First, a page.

Geeks With Blogs

News

Series

Add to Technorati Favorites


An Archived Managed World This blog has moved to http://www.managed-world.com/blog

While commuting home today, I started thinking about the future of DirectX. I suppose this is kind of in relation to Tom Miller's request for future improvements to DirectX.

First of all, when most teams at Microsoft are starting up blogs, where are all the DirectXers? The only one I am familiar with is Tom Miller, am I missing some? Not only the lack of bloggers, but also the lack of community. Microsoft's community support for DirectX definitely leaves many things to be desired. While there is a small community for DirectX on GotDotNet, there is not nearly the support that I see for other Microsoft technologies.

The second issue I can live with. I would like to see the DirectX API grow in mature like Windows or Web forms have. For example, I understand that part of programming games is creating your own UI, but I think it would be super cool to have a set of UIĀ controls that are extensible like the various windows and web controls. Granted, I'm sure this would be very low on Microsoft's priority list, but I think it would help DirectX developers. Some may argue that I am just lazy by making this suggestion. To those people, I suggest to take a look at the improvements being made in Whidbey. For example, I don't see anyone telling Microsoft that they are wasting their time by implementing Master/Detail pages, or improved Login capabilities.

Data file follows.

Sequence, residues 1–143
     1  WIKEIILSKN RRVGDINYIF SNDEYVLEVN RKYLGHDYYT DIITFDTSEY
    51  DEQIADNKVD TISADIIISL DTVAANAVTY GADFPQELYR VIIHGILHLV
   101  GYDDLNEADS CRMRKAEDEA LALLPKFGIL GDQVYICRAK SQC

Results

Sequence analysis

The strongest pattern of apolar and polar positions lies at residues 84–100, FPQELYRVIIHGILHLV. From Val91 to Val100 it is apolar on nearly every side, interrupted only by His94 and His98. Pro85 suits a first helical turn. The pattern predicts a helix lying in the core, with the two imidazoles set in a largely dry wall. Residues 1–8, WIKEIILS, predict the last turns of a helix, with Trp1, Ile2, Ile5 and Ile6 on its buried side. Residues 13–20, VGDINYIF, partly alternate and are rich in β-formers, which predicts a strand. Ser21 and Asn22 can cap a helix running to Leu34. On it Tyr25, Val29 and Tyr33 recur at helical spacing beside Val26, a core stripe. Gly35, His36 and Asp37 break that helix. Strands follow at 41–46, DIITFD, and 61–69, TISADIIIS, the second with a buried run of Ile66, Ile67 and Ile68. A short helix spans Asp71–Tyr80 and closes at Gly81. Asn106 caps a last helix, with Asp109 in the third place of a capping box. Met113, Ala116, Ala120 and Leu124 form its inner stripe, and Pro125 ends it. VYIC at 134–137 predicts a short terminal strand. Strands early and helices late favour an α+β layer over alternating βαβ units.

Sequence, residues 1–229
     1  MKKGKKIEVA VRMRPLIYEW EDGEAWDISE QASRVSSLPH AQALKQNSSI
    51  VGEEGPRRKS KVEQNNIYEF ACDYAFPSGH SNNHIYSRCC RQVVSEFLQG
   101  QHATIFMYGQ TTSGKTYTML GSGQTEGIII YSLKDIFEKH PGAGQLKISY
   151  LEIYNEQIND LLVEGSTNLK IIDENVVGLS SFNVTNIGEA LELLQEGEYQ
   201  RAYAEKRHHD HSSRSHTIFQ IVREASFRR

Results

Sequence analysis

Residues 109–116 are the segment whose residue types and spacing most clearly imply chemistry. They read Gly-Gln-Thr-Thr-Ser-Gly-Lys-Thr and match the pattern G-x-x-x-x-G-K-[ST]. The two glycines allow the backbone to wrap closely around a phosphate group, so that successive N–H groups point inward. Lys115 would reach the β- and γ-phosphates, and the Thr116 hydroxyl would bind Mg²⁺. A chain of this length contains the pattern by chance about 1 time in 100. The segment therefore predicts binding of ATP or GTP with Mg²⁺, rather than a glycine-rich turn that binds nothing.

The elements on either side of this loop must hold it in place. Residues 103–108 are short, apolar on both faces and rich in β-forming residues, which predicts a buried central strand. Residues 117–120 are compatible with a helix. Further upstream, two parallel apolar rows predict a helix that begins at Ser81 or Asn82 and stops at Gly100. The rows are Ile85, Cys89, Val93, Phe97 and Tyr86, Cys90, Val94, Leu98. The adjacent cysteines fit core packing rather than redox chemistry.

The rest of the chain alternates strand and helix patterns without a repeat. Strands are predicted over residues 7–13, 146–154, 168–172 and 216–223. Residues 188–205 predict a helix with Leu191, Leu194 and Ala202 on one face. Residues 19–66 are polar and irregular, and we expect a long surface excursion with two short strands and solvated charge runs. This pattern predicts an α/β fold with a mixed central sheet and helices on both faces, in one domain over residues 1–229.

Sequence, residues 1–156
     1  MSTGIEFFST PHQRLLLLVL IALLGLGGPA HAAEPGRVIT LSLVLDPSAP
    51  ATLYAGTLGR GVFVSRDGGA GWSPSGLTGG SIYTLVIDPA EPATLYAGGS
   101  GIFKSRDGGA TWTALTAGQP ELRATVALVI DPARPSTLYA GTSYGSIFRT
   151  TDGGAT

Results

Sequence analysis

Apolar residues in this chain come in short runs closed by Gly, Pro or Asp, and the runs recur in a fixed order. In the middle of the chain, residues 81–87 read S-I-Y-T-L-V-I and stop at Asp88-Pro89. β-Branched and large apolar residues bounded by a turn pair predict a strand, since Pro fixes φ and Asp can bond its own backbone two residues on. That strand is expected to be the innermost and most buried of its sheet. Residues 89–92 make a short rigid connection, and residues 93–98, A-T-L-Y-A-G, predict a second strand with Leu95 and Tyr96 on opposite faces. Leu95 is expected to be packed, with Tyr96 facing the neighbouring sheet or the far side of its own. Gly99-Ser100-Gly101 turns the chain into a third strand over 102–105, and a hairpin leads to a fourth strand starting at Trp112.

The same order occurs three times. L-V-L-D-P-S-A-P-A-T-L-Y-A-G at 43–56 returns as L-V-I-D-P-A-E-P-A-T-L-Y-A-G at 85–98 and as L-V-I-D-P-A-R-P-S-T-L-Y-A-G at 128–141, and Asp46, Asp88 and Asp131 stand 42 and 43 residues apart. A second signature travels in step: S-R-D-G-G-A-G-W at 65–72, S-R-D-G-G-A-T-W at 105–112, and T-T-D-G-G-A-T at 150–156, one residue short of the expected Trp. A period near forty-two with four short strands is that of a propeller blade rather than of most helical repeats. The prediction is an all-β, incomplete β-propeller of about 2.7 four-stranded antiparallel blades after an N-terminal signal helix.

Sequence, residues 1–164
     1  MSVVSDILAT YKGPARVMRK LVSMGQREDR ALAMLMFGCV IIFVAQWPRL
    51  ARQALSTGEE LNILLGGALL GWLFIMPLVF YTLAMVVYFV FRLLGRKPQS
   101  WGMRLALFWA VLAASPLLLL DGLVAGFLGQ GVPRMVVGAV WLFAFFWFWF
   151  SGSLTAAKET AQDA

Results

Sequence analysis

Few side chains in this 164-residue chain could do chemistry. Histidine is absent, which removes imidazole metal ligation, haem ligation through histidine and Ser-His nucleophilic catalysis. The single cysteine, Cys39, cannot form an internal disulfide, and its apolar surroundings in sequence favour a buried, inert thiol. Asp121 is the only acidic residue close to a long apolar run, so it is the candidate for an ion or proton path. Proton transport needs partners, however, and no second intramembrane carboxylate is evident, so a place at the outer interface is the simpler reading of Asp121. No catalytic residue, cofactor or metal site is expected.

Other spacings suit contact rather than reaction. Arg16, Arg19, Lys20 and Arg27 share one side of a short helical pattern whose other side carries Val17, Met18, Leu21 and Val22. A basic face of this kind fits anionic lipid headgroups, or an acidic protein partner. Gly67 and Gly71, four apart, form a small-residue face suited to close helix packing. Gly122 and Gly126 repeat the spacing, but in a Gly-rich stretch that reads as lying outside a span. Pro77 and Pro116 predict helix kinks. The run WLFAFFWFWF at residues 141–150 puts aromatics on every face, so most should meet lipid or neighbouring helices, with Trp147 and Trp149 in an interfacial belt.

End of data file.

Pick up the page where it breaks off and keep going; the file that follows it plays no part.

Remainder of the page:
In my opinion, it is easy to tell the mature of a technology by the availability of tools for that technology. When one takes a look at the available tools for DirectX, there could definitely be improvement. Why must it be that most game companies desiring to develop games have to implement most of the tools themselves. It would be great to see a UI IDE for DirectX using controls out of a Microsoft.DirectX.Forms namespace. Then again, this may just be me ;~).

I would really like to hear from someone who knows more about the development of DirectX in Microsoft. Am I just off-base here?

[Update: Although I'm not sure if he is part of the DirectX team, I found David Weller, who is an evangelist at Microsoft for .Net gaming.]

Posted on Monday, February 16, 2004 8:28 PM Game Development | Back to top


Comments on this post: What is the Future of DirectX

# re: What is the Future of DirectX
Requesting Gravatar...
I'm pretty sure that basically the entire presentation layer Avalon in Longhorn is the next version of Direct X say version 10 or 11 depending on release date.
Left by Justin King on Feb 16, 2004 9:03 PM

# re: What is the Future of DirectX
Requesting Gravatar...
That's true. I guess that begs the another question: What will the impact of Longhorn be on game development? Even though most of Avalon is built on DirectX (I believe?), I find it hard to imagine that game development would be done via Avalon.

While the underlying API would be the same (i.e. DirectX), I think Avalon is really met to solve a different issue. It could be that using Avalon would be like pounding a square peg into a round hole. Then again, perhaps I am just not thinking outside of the box enough. Thoughts?